FDA clears Qiagen’s respiratory syndromic testing panel


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Key takeaways:

  • Qiagen’s respiratory panel can detect 21 viral and bacterial pathogens that can cause upper respiratory infections.
  • The panel generates results in about 1 hour with less than 1 minute of hands-on time.

The FDA has cleared Qiagen’s respiratory syndromic testing panel, the company announced Monday.

QIAstat-Dx Respiratory Panel Plus is designed to detect 21 viral and bacterial pathogens that can cause upper respiratory infections and aid in diagnosing these infections quickly, Qiagen said.



Generic FDA News infographic

Qiagen received FDA clearance for a respiratory syndromic testing panel.

According to the company, the panel can deliver results quickly with less than 1 minute of hands-on time by assessing many genetic targets at once using real-time PCR technology.

The company said the panel can make it faster to detect infections and subsequently reduce the need for additional testing and unnecessary antibiotic use.

“The QIAstat-Dx Respiratory Panel Plus addresses the challenges faced by clinicians in diagnosing respiratory infections, streamlining the process and providing accurate results in about 1 hour,” Fernando Beils, Qiagen’s senior vice president and head of molecular diagnostics business, said in a press release.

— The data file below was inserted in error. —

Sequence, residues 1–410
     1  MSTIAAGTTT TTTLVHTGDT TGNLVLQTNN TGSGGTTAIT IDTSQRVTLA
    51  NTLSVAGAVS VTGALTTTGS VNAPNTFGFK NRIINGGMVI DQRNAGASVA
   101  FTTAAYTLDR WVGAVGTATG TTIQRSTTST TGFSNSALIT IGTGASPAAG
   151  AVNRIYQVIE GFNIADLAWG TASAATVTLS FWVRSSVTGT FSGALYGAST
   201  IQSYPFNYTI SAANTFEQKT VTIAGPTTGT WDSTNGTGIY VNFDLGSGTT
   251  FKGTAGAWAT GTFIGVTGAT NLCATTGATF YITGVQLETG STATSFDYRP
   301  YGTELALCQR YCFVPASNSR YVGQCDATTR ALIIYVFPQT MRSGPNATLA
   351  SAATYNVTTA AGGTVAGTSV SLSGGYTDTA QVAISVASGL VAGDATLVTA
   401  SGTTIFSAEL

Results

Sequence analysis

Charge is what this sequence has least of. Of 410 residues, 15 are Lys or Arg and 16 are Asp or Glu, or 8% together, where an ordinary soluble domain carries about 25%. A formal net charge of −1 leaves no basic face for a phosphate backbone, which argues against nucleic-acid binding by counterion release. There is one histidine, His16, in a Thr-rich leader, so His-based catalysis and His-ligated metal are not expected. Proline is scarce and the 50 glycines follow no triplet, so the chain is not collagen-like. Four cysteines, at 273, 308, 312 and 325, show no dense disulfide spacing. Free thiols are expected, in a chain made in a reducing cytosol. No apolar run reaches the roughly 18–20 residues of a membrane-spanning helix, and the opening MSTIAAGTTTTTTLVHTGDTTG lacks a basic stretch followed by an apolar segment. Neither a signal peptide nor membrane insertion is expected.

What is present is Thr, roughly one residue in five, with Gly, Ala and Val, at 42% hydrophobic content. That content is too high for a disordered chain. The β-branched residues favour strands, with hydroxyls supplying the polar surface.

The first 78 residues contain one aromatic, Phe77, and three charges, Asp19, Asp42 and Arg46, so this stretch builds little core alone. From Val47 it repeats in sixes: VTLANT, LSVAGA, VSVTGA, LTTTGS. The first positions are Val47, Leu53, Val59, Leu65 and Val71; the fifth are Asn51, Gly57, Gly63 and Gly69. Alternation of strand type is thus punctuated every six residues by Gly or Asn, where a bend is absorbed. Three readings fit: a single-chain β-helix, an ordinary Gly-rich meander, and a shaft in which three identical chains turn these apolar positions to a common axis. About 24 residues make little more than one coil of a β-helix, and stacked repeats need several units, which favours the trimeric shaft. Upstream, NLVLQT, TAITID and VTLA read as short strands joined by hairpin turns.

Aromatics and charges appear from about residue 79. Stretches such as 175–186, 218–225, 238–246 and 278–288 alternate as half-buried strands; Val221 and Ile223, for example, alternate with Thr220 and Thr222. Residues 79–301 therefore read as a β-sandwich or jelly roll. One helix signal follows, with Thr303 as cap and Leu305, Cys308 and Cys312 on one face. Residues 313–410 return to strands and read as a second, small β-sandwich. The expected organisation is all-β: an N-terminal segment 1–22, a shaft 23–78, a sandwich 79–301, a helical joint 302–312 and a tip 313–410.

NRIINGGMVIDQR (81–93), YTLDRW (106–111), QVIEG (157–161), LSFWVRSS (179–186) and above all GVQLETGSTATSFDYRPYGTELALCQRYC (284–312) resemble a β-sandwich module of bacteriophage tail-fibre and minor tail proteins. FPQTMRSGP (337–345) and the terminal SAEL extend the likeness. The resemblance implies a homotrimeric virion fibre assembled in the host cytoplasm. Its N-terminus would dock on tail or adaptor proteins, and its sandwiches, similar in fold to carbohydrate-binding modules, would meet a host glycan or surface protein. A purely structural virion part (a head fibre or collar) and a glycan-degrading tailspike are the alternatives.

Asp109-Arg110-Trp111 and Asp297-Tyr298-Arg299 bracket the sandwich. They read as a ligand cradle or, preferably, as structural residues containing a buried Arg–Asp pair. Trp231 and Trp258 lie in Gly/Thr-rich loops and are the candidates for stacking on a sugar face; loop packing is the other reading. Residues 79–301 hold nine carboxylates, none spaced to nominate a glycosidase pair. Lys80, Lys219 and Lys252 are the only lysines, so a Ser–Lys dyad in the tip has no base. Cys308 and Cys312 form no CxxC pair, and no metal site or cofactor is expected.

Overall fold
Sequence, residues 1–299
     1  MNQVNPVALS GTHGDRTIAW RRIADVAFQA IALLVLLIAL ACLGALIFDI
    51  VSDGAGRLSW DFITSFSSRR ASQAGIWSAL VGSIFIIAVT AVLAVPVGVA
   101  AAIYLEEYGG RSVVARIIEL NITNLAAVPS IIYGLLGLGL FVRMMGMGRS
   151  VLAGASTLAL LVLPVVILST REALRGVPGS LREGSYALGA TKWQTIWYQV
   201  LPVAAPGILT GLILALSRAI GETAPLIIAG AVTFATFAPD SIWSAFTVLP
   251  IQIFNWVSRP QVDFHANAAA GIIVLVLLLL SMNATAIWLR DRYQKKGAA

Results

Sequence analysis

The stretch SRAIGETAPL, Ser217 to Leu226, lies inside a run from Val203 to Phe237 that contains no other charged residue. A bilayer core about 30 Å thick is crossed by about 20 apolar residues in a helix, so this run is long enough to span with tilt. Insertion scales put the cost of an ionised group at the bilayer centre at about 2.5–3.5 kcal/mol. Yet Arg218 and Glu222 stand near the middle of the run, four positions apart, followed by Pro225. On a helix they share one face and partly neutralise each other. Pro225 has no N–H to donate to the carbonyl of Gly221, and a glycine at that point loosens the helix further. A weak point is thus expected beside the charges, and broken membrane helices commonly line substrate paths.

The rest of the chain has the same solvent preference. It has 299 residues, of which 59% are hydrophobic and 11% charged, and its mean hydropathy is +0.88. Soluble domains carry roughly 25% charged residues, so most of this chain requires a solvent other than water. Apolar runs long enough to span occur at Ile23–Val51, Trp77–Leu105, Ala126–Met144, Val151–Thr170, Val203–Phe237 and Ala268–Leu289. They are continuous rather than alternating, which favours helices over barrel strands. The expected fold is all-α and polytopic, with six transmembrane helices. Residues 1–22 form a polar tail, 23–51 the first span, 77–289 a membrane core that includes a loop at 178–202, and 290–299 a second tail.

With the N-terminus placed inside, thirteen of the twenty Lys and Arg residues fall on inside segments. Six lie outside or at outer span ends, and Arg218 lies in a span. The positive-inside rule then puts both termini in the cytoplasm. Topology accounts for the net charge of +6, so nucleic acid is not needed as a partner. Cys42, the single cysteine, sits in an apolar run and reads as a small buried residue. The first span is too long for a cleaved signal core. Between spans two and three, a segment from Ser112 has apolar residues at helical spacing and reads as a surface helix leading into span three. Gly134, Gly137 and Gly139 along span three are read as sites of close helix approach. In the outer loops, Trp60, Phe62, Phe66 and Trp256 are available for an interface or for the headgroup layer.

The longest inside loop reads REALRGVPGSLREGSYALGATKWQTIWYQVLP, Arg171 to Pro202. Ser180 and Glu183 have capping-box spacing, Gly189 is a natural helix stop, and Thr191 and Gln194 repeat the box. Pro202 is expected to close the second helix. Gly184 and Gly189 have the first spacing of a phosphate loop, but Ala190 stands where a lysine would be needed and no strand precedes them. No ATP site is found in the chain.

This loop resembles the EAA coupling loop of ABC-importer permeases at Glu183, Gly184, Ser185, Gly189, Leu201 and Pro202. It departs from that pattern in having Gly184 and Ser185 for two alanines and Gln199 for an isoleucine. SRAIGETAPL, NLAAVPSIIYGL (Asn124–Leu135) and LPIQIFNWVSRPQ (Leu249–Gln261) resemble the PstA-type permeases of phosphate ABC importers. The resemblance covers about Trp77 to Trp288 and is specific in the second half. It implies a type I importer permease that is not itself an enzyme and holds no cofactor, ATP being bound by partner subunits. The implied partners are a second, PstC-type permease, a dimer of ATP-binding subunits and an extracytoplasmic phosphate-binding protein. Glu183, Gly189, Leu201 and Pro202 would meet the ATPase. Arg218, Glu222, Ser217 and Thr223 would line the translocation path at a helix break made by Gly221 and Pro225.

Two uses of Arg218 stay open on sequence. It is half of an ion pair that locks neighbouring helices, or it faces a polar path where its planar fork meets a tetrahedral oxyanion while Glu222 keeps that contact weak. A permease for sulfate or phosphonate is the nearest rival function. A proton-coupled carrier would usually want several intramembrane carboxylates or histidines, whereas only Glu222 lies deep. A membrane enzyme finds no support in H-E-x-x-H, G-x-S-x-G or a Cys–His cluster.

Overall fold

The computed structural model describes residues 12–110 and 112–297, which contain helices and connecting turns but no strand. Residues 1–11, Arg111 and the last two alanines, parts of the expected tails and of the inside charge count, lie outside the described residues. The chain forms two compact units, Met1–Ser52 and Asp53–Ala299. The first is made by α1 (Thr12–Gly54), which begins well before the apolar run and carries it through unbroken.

“This comprehensive diagnostic tool will improve patient care, support responsible antimicrobial stewardship, and reduce the burden on health care systems,” he added.

Previously, the system was available under an FDA emergency use authorization as a SARS-CoV-2 panel. Data from the 2021 authorization showed that the panel could detect SARS-CoV-2 antigens in people with active infections within 2 to 15 minutes, with a sensitivity of at least 80% and a specificity of 98%.

The company said it has plans to expand the QIAstat-Dx portfolio to include a meningitis and encephalitis panel, and a gastrointestinal panel — which is currently under FDA review.

Using similar technology, the company has also partnered with the FBI to create a novel digital PCR assay that can help forensic specialists detect and quantify minimal amounts of DNA — even using samples that have been compromised by age or environmental factors — with high accuracy.

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